Surprise! You may have opened this article expecting to find Bryan Carr, but you’ve clicked on the title to find me instead. This isn’t an experience uncommon to gaming. For most of us, when we boot up our consoles, fill out our RPG character sheets, or build our initial settlements on the isle of Catan, part of what we are doing is stepping into a perspective, a mindset, taking stock of our resources and goals and imagining who we are among them. This pretense is one of the great joys of gaming, but it’s also the basis for some of its most toxic encounters and debates. How do we react when a game expects us to be someone different from who we are? How do these avatars shape how we see ourselves? What happens when the mask slips, and you realize the person behind the pixels isn’t who you thought they were at all?
In most of my life, I’m Julialicia Case, and I teach creative writing, literature, and game writing at UWGB. In another version of my life, though, I’m a moonkin in World of Warcraft (WoW), an online multiplayer role-playing game with (until recently) a huge player base. As a moonkin, I’m an owlbeast with antlers and feathers, and I spend a great deal of time calling upon the moon and the sun, making the stars fall upon my enemies in dangerous storms. I love this moonkin version of myself. It’s weird and comical, and in a world packed with overtly sexualized female avatars, its androgyny makes it difficult to parse. It’s physically imposing without taking itself too seriously, and if I could be a moonkin in the everyday world, I would be one. Instead, I am a cis-ish female player in a highly social game, one that requires frequent teamwork and voice communication with other players (often strangers). Further, I’m sure you’ve seen news of the lawsuit recently brought against Activision Blizzard, the company responsible for WoW, which alleges a hostile and unsafe work environment for women, queer folk, and people of color.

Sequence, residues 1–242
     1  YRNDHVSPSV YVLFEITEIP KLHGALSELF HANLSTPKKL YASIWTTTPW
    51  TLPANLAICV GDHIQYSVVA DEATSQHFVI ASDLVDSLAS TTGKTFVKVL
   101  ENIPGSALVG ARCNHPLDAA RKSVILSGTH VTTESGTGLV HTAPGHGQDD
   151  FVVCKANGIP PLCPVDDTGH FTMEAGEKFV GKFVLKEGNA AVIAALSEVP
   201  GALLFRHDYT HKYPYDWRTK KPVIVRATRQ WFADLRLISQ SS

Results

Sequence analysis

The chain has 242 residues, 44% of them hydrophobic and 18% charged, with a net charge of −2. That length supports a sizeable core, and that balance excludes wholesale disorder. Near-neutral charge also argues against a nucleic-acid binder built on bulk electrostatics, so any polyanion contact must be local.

I’ve been playing WoW (released in 2004) off-and-on since 2009, which makes me a fairly casual player. When I started playing seriously again in 2019, it was partially to keep in touch with distant friends, but also as a way to reconnect with the game, which is central to the novel I’ve been working on—one where a game ends, and players are left reeling in the sudden loss of the digital fantasy world they’ve come to rely on. Many WoW players have a wary relationship with the game, which can be addictive and time-consuming, but most of us light up when given the chance to talk about it. We’ll go into lengthy stories about working with guildmates to kill difficult bosses, about our friends—many of whom we know only by the names of their avatars—the raid mechanics and questing zones we most enjoyed, about the twists in the story that shocked us, the in-game memories we will never forget. WoW is a complex and long-standing game, but at its heart, it is a game about social connections and community. It is about the thrill of working with others to accomplish things you would never be able to alone.